Surgery and Interventional Radiology

The most desirable treatment for subarachnoid hemorrhage is early surgery to clip the aneurysm and prevent further bleeding. Intracranial clipping of an unruptured aneurysm is curative and can usually be done with very low morbidity. After an aneurysm has ruptured, the timing of surgery is important for patient outcome. Past practice had been to wait approximately 2 weeks after the SAH before surgery, based on the premise that the patient was a better surgical candidate once cerebral edema had subsided and he/she was medically stabilized. However, a delay of 2 weeks spans the peak times for two of the most dangerous complications of SAH - rebleeding and vasopasm. As a result of several multicenter studies to determine the optimum time of surgery, there has been a definite trend toward surgery within 48 to 72 hours of SAH for patients in Hunt and Hess clinical grades I and II and, in some situations, grade III. Patients in grades IV and V are treated medically for potential future surgery at a later date. Surgery is usually not performed at all in the presence of coma or severe neurological deficits due to the low recovery and high mortality rate.

Early surgery has many benefits, including reducing the possibility of rebleeding, allowing for removal of clots that may cause vasospasm, and treating vasospasm aggressively without the risk of rebleeding. Microsurgical techniques and improvements in anesthesia offer new options for better surgical outcomes. The surgical approach and method of aneurysmal obliteration depends on the location and characteristics of the aneurysm. An aneurysm with a stem or neck, such as a berry aneurysm, is usually managed with surgical clip. For aneurysms that are difficult to reach, the surgeon may have to modify a clip to fit the specific vessel involved. Before a permanent clip is in place, a temporary clip is applied to assess the effect of clipping on the brain's blood supply. Some aneurysms, such as fusiform aneurysms, are not amenable to clipping because of their shape or location. If the aneurysm cannot be clipped, it may be surgically wrapped in muslin or another type of cloth that provides support to the weakened arterial wall.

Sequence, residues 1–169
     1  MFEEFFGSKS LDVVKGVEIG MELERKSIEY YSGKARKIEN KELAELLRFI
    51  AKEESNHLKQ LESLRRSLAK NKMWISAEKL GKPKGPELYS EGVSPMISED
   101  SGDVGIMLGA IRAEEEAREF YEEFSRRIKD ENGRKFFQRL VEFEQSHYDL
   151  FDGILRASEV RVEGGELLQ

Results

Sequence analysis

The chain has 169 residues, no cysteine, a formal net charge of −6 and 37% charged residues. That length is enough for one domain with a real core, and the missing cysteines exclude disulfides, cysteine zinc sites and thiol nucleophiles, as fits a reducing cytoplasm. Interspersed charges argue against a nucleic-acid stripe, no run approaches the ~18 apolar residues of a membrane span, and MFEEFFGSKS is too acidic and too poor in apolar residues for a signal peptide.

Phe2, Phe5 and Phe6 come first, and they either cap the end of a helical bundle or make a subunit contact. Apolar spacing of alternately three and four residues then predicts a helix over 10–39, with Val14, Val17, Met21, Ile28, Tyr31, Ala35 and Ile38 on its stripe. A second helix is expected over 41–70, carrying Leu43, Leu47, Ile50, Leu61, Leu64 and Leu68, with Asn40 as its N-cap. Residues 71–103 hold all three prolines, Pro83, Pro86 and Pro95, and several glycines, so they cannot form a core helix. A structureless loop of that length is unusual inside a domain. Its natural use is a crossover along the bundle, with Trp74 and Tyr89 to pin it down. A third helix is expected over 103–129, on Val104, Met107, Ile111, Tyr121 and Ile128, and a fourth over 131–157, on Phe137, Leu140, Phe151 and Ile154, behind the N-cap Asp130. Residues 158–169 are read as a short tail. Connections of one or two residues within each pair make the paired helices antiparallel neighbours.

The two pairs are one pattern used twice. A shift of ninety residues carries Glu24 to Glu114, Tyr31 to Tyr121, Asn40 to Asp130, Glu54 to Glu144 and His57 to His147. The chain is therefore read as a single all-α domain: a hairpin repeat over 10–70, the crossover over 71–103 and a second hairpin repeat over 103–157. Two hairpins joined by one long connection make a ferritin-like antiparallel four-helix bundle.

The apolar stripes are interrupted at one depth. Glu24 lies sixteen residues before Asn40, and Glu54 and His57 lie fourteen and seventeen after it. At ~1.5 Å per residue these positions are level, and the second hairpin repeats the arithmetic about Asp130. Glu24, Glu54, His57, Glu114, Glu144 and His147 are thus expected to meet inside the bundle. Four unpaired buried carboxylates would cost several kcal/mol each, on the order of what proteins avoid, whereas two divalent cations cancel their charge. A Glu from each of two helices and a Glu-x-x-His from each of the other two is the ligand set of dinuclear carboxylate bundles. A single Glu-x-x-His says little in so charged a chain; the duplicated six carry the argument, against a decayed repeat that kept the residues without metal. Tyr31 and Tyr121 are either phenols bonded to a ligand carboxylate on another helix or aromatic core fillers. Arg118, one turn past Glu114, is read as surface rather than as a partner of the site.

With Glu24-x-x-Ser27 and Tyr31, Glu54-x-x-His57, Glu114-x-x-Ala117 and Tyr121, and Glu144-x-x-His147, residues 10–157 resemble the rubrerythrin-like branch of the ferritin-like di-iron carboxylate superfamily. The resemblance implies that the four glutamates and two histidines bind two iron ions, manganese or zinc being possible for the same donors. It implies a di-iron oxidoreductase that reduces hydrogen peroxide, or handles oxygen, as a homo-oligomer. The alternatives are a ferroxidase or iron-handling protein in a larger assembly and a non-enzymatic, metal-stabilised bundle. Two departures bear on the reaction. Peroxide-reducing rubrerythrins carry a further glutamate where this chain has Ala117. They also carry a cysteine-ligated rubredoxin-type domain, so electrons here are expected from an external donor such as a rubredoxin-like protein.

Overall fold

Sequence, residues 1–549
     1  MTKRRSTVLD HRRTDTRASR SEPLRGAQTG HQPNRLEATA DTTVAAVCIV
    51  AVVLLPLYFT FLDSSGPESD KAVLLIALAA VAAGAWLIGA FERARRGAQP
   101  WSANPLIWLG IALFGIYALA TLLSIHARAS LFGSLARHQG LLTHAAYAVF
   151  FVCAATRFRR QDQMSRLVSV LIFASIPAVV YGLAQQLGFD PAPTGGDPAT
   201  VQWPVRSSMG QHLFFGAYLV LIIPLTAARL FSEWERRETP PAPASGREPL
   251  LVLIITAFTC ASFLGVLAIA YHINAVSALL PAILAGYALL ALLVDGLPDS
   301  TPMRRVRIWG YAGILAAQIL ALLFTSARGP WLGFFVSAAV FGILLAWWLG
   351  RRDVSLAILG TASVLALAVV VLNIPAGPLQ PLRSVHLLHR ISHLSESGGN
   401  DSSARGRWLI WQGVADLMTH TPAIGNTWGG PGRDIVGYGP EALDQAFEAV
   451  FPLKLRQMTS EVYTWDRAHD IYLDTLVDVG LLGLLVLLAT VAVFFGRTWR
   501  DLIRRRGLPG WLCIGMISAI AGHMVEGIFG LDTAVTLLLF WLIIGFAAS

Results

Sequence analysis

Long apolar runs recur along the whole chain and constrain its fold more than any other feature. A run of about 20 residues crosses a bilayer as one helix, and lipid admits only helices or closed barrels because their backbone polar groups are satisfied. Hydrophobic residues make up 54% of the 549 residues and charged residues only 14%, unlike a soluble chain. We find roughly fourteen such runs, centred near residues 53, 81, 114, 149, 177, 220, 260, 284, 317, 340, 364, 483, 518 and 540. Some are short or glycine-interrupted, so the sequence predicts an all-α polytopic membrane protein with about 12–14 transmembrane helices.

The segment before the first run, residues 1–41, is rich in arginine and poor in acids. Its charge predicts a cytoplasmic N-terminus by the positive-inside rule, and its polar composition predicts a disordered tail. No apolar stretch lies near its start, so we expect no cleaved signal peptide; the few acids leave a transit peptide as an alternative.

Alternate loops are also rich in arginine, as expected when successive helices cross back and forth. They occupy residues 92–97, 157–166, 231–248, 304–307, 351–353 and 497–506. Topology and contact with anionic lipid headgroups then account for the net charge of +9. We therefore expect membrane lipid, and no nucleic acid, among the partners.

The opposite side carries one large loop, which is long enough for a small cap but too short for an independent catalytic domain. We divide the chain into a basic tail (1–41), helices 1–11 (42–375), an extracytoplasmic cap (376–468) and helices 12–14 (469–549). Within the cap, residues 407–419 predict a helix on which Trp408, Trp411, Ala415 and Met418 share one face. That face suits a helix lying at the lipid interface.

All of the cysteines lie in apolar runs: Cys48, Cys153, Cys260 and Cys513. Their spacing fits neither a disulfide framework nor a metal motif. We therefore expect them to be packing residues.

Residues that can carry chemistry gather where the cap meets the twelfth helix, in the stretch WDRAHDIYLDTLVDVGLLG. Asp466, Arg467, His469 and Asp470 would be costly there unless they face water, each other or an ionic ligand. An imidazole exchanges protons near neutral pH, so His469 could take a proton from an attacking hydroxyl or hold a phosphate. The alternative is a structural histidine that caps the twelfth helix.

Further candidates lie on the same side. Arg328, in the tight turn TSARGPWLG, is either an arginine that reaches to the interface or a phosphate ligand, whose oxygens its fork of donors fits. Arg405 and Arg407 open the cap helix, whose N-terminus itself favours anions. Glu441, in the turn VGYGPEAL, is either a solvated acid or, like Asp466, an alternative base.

Relatively new non-surgical options for the management of cerebral aneurysms now exist. Aneurysm embolization with detachable balloons or coils is possible utilizing microcatheters that can enter vessels previously inaccessible. Generally, patients selected for these options are poor surgical candidates. Such patients have aneurysms that are anatomically unclippable or that are located in accessible areas.

The Guglielmi Detachable Coil (GDC) system is approved for endovascular occlusion in patients with high surgical risk intracranial aneurysms and other neurovascular abnormalities. The coils are a platinum-tungsten alloy and come in a number of sizes and styles. Each coil is attached to a stainless steel delivery wire and is passed through a catheter into the lesion. When the each coil is in place an electric current is applied to the delivery wire. The current dissolves the exposed stainless delivery wire by electrolysis, releasing the coil. Coils are inserted until the lesion is filled. It is believed that the coils function by slowing the flow of blood which allows the formation of a thrombus and reduces pulsation.

The intravascular balloon may be used to occlude either the aneurysm or the parent vessel supplying the area of the aneurysm. A catheter is inserted into the femoral artery and advanced to the aneurysm. Once in place, the balloon is inflated within the aneurysm by means of a liquid polymerizing agent that solidifies and hardens within the balloon. The parent vessel that supplies blood to the area of the aneurysm may also be occluded using this method. Before occluding the parent vessel, it is important to establish whether the vessel can be permanently occluded without producing serious neurological impairment. Complications of intravascular balloon therapy include rupture of the aneurysm, hemorrhage, vasospasms, cerebral ischemia, or cerebral infarction leading to a stroke syndrome.